Customer Story: Bodyswaps
Bodyswaps is a pioneering, independent software vendor (ISV) specializing in soft skills VR training for companies and schools. They offer “off-the-shelf” VR apps designed to develop skills in public speaking, workplace communication, inclusive leadership, customer service, health, and social welfare.
VR pilot programs won’t scale to full deployments without easy and effective VR device management. Companies are asking Bodyswaps (and other ISVs) to tell them how to manage VR devices, deploy content, and control the end-user VR experience. Bodyswaps also realized they needed a way to distribute VR content that works at scale because manually installing apps on each device will add friction to VR pilot programs.
ArborXR gives organizations tools to manage VR headsets, deploy content, and control what users see and do in VR. In addition, ArborXR provides Bodyswaps and ISVs with secure, reliable, and remote app distribution. ISVs can upload as many app versions as they want without file size restrictions, connect developer tools, and auto-update apps as they are published. ISVs can grant (or revoke) access to any organization using ArborXR, sharing VR apps easily, so they are immediately available to deploy.
Customer Story Overview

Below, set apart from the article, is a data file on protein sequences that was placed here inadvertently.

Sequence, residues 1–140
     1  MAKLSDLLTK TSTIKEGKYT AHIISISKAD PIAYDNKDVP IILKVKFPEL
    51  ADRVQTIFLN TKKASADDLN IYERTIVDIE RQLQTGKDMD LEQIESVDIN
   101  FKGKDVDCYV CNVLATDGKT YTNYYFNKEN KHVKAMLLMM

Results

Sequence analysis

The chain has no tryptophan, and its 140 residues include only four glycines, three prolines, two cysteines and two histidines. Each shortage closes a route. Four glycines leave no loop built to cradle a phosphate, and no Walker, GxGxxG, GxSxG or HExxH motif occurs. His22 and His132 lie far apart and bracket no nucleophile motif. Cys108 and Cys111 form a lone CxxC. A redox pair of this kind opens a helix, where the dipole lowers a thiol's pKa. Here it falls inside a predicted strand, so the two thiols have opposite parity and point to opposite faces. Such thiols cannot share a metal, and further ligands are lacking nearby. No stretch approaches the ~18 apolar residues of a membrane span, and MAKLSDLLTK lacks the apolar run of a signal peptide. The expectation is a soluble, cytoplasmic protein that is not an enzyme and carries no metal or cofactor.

The idea for Bodyswaps began when co-founder Chris Mallet saw the power of VR live in therapy:
An adult woman diagnosed with depression was placed in a VR environment and was presented with a crying twelve-year-old.
The instruction? Comfort the child.
After about a minute of doing this, the scene shifted, and the VR bodies “swapped.” Now, in VR, the adult was the child, and she was comforted by her own words.
Mallet watched as the woman began to cry, hearing empathetic words of comfort from herself back towards herself. The VR “body-swapping” experience gave the woman such a profound therapeutic experience that it had immediate and long-term effects on her symptoms and how she thought about herself and spoke to herself.
This was just one experience in a 4-week study that followed 15 patients:
“In an open trial, three repetitions of this scenario led to significant reductions in depression severity and self-criticism and a significant increase in self-compassion, from baseline to 4-week follow-up. Four patients showed clinically significant improvement,” Cambridge University reports.
‘Body swapping’ altered her perspective and taught her valuable tools to fight depression.
Bodyswaps is about self-discovery, self-reflection, and education by shifting a user’s perspective in VR. They offer VR training in companies and schools across North America and Europe to elevate employability and soft skills. But where did they get started? And what about VR helps shift a person’s perspective?
Mallet and his fellow co-founders immediately saw how powerful these kinds of self-reflective VR experiences could be when applied to soft skills development. Learners often need holistic instruction, including their body language, actions, and words. Bodyswaps uses VR as a medium to allow learners to see and hear themselves in life-like situations.
“Bodyswaps wants to level the playing fields for millions of people by reinventing the way we train soft skills– VR apps help us do that,” Mallet says.
Bodyswaps specializes in “off-the-shelf” and “autonomous” VR apps. Organizations can purchase VR apps, and students complete modules themselves without instructors.